• Autoimmune Hepatitis

    Autoimmune hepatitis occurs when the body’s own immune system begins to attack the liver and causes inflammation. The cause of autoimmune hepatitis is unknown but prior infections, genetic predisposition, some toxins or drugs, and some diseases may play a role. Autoimmune hepatitis is not contagious and is classified as either type 1 or type 2, with type 1 being the most common in the United States.

    Autoimmune hepatitis may lead to scarring of the liver and could progress to liver cirrhosis, which is extensive liver scarring and hardening of the liver.


    The cause of autoimmune hepatitis is usually unknown, but some items have been found to correspond with the disease itself.

    Immunosuppression: Patients who have immunosuppressive disease processes such as ulcerative colitis, type 1 diabetes, rheumatoid arthritis, Sjogren syndrome, and Grave’s disease may be more susceptible to autoimmune hepatitis.

    Genetic predisposition: Most patients with autoimmune hepatitis have a first-degree relative such as parent, sibling, grandparent with the condition. This disease is most prevalent in females.

    Environmental factors: Most scientists believe that autoimmune hepatitis is triggered by a combination of environmental triggers and genetic predisposition. Viruses such as hepatitis A, B, or C, Epstein-Barr virus, or cytomegalovirus virus may predispose a patient to autoimmune hepatitis.

    Drugs and herbal formulations: Some medications and supplements are thought to play a role in autoimmune hepatitis.


    Patients with autoimmune hepatitis may not experience any side effects in the early stages of the disease process. Symptoms may be mild to severe in nature and may develop over time or without warning.

    • Loss of appetite
    • Nausea and vomiting
    • Fatigue
    • Abdominal discomfort
    • Joint pain
    • Itching (pruritus)
    • Yellowing of the skin and whites of the eyes (jaundice)
    • An enlarged liver
    • Abnormal blood vessels on the skin (spider angiomas)
    • Itching (pruritus)
    • Rashes
    • Dark-colored urine
    • Pale or light-colored stool

    When to see your doctor

    Patients should see their doctor as soon as possible for any concerning symptoms, or seek emergent care if symptoms are severe. Primary care physicians may refer patients to a hepatologist for advanced care.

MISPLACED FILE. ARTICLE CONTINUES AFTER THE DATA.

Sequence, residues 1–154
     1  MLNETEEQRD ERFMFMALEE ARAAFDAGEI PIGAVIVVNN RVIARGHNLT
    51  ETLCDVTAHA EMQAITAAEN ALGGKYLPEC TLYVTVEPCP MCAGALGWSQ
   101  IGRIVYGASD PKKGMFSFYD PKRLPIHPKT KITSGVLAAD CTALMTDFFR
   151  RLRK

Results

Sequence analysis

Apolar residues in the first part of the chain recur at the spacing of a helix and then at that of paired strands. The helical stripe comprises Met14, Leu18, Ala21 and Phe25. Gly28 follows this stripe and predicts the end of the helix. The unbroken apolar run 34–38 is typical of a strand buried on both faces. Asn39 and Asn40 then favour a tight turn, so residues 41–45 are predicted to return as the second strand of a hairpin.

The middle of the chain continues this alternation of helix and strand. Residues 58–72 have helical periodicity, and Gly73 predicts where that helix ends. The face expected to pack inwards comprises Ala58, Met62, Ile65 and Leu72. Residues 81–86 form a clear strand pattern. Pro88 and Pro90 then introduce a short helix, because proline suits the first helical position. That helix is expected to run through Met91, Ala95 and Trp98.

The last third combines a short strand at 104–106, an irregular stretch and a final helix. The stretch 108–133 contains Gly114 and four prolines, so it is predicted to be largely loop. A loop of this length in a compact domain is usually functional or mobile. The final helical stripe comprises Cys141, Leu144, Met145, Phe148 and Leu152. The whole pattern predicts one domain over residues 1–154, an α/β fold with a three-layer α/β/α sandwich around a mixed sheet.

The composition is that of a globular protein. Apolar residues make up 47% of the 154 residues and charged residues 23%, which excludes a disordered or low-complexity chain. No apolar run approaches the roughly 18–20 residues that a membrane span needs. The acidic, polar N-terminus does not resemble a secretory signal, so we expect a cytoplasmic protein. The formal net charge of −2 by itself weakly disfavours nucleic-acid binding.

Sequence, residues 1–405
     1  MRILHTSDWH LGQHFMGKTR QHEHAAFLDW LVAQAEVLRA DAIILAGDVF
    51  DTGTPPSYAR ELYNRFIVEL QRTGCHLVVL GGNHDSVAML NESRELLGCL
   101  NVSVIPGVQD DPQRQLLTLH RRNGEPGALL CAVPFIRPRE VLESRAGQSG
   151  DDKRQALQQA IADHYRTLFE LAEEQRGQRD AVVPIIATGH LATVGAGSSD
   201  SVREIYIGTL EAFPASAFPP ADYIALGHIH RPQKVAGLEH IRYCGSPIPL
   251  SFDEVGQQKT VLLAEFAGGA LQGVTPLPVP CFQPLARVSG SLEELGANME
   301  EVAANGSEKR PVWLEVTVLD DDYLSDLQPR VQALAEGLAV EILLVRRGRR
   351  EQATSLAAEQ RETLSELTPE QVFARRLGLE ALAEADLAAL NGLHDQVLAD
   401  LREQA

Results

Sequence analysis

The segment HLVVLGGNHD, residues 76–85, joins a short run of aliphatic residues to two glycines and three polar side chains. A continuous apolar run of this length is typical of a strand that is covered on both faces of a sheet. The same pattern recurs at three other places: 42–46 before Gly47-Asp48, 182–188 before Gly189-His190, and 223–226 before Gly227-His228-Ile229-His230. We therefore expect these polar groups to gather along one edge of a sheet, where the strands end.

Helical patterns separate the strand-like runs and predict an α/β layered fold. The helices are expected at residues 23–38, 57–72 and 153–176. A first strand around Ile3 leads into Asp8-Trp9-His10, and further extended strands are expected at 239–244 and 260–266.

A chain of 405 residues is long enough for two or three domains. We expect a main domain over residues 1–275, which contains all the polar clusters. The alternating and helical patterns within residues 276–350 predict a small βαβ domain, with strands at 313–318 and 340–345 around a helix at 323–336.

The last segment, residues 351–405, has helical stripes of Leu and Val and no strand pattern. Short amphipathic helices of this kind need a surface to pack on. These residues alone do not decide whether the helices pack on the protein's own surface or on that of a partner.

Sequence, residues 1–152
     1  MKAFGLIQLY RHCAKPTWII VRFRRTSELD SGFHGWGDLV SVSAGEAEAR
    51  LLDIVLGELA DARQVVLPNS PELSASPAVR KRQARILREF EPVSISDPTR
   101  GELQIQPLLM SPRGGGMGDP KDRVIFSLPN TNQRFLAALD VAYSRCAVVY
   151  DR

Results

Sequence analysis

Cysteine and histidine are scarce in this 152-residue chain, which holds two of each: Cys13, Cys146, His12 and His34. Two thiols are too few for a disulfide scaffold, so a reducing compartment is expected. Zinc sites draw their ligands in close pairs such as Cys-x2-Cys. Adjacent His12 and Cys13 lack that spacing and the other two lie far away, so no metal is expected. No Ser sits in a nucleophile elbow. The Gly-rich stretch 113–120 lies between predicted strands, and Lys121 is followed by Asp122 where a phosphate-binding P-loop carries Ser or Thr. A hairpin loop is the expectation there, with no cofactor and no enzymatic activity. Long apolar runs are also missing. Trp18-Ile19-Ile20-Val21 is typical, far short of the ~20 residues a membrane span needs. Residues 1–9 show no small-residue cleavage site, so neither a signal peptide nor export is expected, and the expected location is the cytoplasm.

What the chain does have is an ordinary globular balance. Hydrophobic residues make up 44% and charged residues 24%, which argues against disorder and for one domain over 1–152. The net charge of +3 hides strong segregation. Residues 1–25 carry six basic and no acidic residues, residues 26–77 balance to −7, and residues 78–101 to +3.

Testing and Diagnosis

    To diagnose autoimmune hepatitis the medical provider or physician will take a thorough history and do a physical assessment. Patients should bring a list of any medications they are taking to their appointment including any over-the-counter drugs, herbal supplements or vitamins. Alternately, patients may bring a list of the medications they are taking including dosage strength and schedule.

    During physical examination, the provider will listen to and feel the abdomen to examine the liver, and will review vital signs. Patients may be asked difficult questions regarding sexual history, drug and alcohol use; it is important that these questions are answered truthfully so medical care can be tailored to patient needs. In addition, the following tests may be ordered:

    • Blood work
    • Ultrasound, MRI or CT imaging
    • Abdominal x-ray
    • Liver Biopsy


    For most people autoimmune hepatitis will be a lifelong condition. With medication management, the majority of patients will respond to treatment, especially those who are diagnosed early in the disease process. The purpose of treatment is to slow an overactive immune system


    Several medications may be used to treat autoimmune hepatitis with great success, including steroids such as prednisone or budesonide, as well as immunosuppressive drugs such as Imuran. For those who do not respond to first line medications, additional drugs may be added including other immunosuppressive drugs like methotrexate, mycophenolate, cyclosporine, or tacrolimus.


    As not all patients respond to medication and there may be patients who require a liver transplant in order to survive.